New Delhi: In the last four years of the United Progressive Alliance government, as legislation to both regulate private colleges and open the education sector to foreign investment have stalled, a record 34 institutions have been granted “deemed university” status. Only six are government-run, while the rest are private institutions.
The deemed status is generally a coveted one in higher education and allows institutes to largely act free of government interference.
Big league: The National School of Drama in New Delhi, which got the deemed university status in 2005. (Photo: Rajeev Dabral / Mint)
Conferred by the University Grants Commission (UGC), a regulatory body under the Indian government’s ministry of human resource development, it used to be awarded only to institutes that have been in operation for 25 years.
The number of deemed institutions, thus, becomes significant as it represents a way that the government has enabled private players to flourish, even as the The Private Professional Educational Institutions (Regulation of Admission and Fixation of Fee) Bill, 2005, which would regulate admissions and fees, crawls through government corridors.
But some observers say the government is allowing many unworthy institutes to become deemed and that the new players are not adhering to the UGC guidelines in regard to course offerings. They point to the coincidence of many of the universities receiving the status being backed by politicians or big businesses.
“With such relaxed guidelines, UGC is only providing opportunity for commercialization of education. We have objected to this mushrooming of deemed universities each time we have met UGC officials,” said Thomas Joseph, president of the All India Federation of University Teachers’ Organisations (Aifucto), a teachers’ union.
But under intense demand for higher education across India and backed by Planning Commission recommendations in favour of financial assistance to deemed universities, UGC is defending its actions.
UGC chairman Prof Sukhdeo Thorat doesn’t see the mushrooming of deemed universities a cause of concern.
“There are only 104 deemed universities and I would call the growth quite steady,” Thorat said. “This has happened over a period of time. As far as regulation is concerned, we are strict with defaulters.”
Of the 28 newly deemed universities, nine were recognized as such through the “de novo” clause introduced by UGC in 2001 to benefit institutes barely a few years old, subject to revision after five years.
The list includes technical universities, such as the LNM Institute of Information Technology (LNMIIT) in Jaipur, backed by steel tycoon Lakshmi N. Mittal, and the Jaypee Institute of Information Technology in Noida, backed by the Jaypee Group. Both were awarded deemed status on 3 February 2006 and 1 November 2004, respectively.
At LNMIIT, set up as part of a private-public partnership between the Rajasthan government and Mittal, Raka Sharan, one of 20 regular faculty members, said the status reflects the promise of the programme.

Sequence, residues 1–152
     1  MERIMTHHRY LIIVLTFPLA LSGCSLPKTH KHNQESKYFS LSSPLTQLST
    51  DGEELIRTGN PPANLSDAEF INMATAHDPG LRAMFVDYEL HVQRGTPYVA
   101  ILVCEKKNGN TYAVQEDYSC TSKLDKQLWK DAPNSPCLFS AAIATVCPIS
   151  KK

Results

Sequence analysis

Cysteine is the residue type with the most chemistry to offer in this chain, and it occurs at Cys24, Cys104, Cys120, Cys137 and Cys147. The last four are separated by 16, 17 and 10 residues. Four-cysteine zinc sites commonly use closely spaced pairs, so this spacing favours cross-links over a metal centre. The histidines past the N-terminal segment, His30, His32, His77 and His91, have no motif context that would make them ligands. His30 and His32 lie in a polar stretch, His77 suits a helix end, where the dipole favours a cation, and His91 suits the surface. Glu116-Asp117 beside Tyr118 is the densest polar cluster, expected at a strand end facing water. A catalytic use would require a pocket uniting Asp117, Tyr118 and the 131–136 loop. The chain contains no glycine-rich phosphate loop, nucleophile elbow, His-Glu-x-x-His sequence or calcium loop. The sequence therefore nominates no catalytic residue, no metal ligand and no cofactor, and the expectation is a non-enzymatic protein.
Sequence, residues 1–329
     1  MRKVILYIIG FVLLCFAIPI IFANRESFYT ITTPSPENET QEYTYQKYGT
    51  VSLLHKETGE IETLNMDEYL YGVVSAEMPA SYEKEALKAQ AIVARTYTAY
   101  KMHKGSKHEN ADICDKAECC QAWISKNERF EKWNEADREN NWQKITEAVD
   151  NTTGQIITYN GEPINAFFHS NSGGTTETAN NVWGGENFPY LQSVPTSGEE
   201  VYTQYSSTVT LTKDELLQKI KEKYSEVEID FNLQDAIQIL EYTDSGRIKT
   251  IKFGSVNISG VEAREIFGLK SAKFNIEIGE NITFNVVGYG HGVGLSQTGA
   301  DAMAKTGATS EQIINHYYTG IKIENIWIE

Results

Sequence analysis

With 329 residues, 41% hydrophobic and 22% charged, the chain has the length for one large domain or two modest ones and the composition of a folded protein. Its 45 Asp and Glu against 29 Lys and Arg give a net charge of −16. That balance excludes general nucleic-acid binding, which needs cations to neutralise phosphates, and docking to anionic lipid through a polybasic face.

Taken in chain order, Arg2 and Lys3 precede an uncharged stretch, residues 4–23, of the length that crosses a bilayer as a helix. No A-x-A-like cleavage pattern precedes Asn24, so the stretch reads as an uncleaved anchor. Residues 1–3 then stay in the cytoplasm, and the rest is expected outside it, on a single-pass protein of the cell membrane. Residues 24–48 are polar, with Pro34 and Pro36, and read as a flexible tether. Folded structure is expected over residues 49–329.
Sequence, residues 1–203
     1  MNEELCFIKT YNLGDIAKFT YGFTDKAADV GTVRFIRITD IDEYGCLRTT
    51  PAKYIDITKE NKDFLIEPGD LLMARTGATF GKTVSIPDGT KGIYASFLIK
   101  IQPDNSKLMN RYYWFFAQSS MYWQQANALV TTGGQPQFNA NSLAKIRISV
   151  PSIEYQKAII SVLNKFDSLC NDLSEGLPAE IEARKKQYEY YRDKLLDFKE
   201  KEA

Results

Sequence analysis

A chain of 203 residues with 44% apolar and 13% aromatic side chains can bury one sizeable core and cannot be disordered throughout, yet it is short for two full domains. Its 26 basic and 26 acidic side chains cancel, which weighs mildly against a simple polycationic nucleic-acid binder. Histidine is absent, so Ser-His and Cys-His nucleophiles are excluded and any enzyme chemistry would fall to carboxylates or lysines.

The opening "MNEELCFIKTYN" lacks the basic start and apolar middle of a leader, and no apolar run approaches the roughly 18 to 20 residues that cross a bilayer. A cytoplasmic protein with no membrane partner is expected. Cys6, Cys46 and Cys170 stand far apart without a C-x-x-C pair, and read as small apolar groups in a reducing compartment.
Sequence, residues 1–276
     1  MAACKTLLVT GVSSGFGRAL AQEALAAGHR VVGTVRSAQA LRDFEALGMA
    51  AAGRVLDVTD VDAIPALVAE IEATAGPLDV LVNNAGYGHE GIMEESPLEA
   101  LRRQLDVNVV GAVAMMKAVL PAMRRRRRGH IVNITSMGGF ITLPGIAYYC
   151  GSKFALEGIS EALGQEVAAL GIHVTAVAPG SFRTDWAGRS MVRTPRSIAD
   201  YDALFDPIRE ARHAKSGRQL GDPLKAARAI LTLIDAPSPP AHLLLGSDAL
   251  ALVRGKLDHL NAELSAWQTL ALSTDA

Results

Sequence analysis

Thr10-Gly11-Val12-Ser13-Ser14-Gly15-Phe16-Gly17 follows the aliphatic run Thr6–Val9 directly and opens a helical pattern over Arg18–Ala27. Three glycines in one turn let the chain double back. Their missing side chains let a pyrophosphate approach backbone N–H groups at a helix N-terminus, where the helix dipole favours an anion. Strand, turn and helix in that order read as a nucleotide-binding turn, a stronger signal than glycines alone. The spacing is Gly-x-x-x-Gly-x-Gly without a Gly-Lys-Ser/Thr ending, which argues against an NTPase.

“The de novo deemed universities need to be engaged in teaching programmes and research in chosen fields of specialization, which are innovative and of very high academic standards at the master’s and research levels,” he said. “We are open to periodic inspection by the UGC and offer BTech degrees in electronics and communication, computer science and communication, and computer science, niche areas in technical education.”
After amending the original requirement to be in existence for 25 years, the government changed the requirement for deemed status to be only for institutions open for a decade. Even so, by 1991, only 29 total institutions boasted of deemed status 35 years after the UGC Act was passed in 1956. They included reputed institutions as Birla Institute of Technology and Science in Pilani, and the Indian Institute of Science in Bangalore.
In the 1990s, few received the status but the trend picked up again in 2002, as the number of deemed universities in India reached 52. During the six years of the previous National Democratic Alliance government, 31 were granted deemed status.
Deemed universities grew by 100% during the last five years, says a Planning Commission paper on higher education. This, despite the fact that the number of state-run universities saw slower growth, from 178 in 2002 to 217 in 2006. Central universities fared even worse—from 18 to 20 in the last four years, according to the paper.
The recent spurt in the number of deemed universities in India indicates a clear shift towards a pro-private sector policy by the UGC, which so far has been prescribing stringent guidelines for the universities seeking deemed status. Encouraged by the trend, as many as 177 more institutes have approached the UGC seeking deemed university status, most of them private players. Out of these, 38 institutes are less than five years old, seeking the status under the de novo category.
Aifucto’s Joseph says this is particularly worrisome.
“Under de novo, you only make a promise of performance. From our experience, promises are being broken,” he said.
Not surprisingly, the UGC issued a letter to all deemed varsities in May asking them to observe guidelines regarding new courses, study centres and offshore campuses. “We have received several complaints about deemed universities launching new courses and affiliating institutions in their name without seeking our permission, particularly in states like Tamil Nadu and Maharashtra. Not only has it confused students, it has also led to several court cases across the country,” a UGC official requesting anonymity said.
The maximum number of applications has also come from the institutes concentrated in the states the official names. Tamil Nadu leads with 30 applications, and Maharashtra and Karnataka with 19 applications each. Tamil Nadu and Maharashtra currently boast the largest concentration of deemed universities.